Not all the trips have passed smoothly – one ship's engine broke, and the crew were stranded at sea for ten days. "They waited and waited, a NATO ship passed and no one stopped. One old man died on board," says Hassan.

At night the fighters slept under the stars under heavy blankets, contemplating the future that lay before them.

As the GPS signalled only ten miles to Misurata, it seemed that finally the gruelling voyage was nearing its end.

Playing charades with a helicopter

In the late afternoon, out of the fading blue sky, there appeared a Canadian NATO helicopter. The Sea King swooped and circled the Victory three times. And then put a stop to its voyage.

Positioning itself in its path, blades hollowing out the sea below, it hovered, blustering the wooden boat left and right, and flashed warning signals to stop.

From the open, darkened door the menacing shape of the helicopter's gun was discernable, pointing directly at the boat.

The shebab [youth] fighters frantically tore cardboard boxes into signs; scribbling 'Misurata logistics' in barely discernable green ink, shouting "Allahu Akhbar" and reaching out with the 'V' for victory hand sign – many of them did it backwards.

Others shook onions and tomatoes at the chopper – an attempt to show them there were no weapons on board. The shebab stopped the salutations to pose for photographs.

They wrote "call us" on flimsy cardboard and waved at a satellite phone, ignoring the radio.

The Canadian NATO force looked on in bafflement at the charades; the rabble of khaki-clad shebab, whose only discernable weapons were water and tomatoes, jumped up and down below them jubilantly giving them two fingers up.

A man in full navy uniform with a revolutionary's scarf wrapped round his head erratically signalled what they presumed was an attempt at semaphore but translated into a jumbled dance.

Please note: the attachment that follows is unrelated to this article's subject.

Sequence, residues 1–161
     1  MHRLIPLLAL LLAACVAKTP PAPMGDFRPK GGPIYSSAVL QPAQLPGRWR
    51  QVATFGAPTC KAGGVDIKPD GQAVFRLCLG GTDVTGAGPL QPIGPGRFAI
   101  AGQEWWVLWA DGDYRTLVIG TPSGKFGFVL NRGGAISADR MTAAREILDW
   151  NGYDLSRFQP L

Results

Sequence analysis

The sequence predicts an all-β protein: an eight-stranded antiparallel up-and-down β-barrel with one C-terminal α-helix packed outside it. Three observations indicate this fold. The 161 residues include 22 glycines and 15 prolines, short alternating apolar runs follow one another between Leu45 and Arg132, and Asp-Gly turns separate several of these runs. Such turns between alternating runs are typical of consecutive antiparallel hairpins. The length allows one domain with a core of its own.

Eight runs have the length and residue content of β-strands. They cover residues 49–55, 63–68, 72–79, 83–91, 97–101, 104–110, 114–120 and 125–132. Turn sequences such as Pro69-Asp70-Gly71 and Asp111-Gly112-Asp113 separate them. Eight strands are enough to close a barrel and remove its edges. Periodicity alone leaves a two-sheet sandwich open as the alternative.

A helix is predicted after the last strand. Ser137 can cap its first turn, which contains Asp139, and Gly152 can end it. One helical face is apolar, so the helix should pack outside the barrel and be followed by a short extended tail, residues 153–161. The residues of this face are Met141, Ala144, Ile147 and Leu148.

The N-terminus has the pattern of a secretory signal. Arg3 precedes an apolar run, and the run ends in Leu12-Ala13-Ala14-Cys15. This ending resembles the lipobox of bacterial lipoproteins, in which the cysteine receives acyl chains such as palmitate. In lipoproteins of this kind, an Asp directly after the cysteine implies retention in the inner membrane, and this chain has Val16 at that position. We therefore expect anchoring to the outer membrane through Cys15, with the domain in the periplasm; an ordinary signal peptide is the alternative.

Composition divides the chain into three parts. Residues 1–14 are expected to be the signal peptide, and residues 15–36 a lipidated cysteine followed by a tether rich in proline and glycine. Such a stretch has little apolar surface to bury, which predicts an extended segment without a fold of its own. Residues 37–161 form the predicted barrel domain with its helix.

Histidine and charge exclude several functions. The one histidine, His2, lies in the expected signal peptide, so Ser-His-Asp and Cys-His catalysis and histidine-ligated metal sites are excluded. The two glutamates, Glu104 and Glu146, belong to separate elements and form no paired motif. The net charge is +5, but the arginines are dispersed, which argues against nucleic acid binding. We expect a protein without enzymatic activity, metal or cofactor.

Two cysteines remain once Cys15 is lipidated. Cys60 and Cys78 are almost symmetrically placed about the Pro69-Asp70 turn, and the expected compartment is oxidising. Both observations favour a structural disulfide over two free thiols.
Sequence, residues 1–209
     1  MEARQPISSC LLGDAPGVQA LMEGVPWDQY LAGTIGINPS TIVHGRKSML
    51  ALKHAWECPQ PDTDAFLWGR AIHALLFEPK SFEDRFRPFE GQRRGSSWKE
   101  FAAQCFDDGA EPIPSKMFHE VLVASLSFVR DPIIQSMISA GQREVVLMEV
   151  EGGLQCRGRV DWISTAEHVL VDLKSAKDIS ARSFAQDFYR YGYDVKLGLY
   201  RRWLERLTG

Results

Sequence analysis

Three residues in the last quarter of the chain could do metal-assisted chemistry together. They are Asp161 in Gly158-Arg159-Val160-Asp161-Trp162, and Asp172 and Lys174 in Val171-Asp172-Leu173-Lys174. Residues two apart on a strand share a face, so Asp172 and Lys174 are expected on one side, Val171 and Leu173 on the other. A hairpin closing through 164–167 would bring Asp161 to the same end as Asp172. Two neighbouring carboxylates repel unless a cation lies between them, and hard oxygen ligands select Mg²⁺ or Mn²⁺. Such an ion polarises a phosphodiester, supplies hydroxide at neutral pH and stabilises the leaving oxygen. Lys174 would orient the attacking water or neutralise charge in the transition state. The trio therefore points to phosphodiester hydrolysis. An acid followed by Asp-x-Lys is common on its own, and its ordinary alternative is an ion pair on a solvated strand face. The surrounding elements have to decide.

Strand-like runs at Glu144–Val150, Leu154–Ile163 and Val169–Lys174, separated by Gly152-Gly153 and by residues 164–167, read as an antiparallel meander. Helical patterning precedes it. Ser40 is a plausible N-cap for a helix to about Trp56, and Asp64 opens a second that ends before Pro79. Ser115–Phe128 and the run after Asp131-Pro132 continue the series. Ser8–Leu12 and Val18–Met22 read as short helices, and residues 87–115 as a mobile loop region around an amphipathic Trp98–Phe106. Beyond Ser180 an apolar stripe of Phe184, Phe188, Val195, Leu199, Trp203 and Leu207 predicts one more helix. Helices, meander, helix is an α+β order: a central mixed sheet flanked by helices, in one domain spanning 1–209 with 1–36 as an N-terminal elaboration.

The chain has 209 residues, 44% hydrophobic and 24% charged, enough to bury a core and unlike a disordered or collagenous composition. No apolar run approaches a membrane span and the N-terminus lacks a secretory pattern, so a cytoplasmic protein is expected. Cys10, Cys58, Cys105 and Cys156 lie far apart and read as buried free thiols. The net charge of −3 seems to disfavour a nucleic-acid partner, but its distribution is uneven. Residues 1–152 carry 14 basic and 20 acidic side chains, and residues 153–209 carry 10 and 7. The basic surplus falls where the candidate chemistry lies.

Eventually, the Canadians decided the eccentric bunch may be mad but not dangerous and allowed them to pass.

Victory, at last

As the stars emerged and they approached their destination, a nervous tension silenced the boat.

Misurata port was controlled by the thuwar [revolutionaries], they believed, but in a fluid war this information might have changed as they were at sea.

"Keep quiet, whisper, we call this security procedures," said Mohammed Hassan as the boat silently glided into the darkened port, engine low, lights off.

Seconds later, as the shebab shouted 'Stop', 'Go' – directing the Victory to dock, the bullets began to fly. They spat past, ricocheting, and splintering the wooden boards of the fishing boat.

A fighter in the sleeping cabin flung himself to the ground, his pudgy figure shaking and hugging his machine gun.

'Thawar! thawar!' – Revolutionary, revolutionary! –  screamed the rebels desperately. The attack was from their comrade's fire. The radio being broken on the Victory, there had been no way to warn of their arrival.

Gradually the bullets subsided, rebels leapt off. Shouting followed as each side tried to discern the other's loyalties. War breeds mistrust.

Eventually the groups bonded – they hugged and shook hands vigorously, both relieved the incident had not ended in tragedy. Not even an injury.

Together they unloaded the Victory.

The port side shook with the constant explosions of artillery fired by nearing Gaddafi forces; a clue to what the rebel's would face in coming days.

Source:
Al Jazeera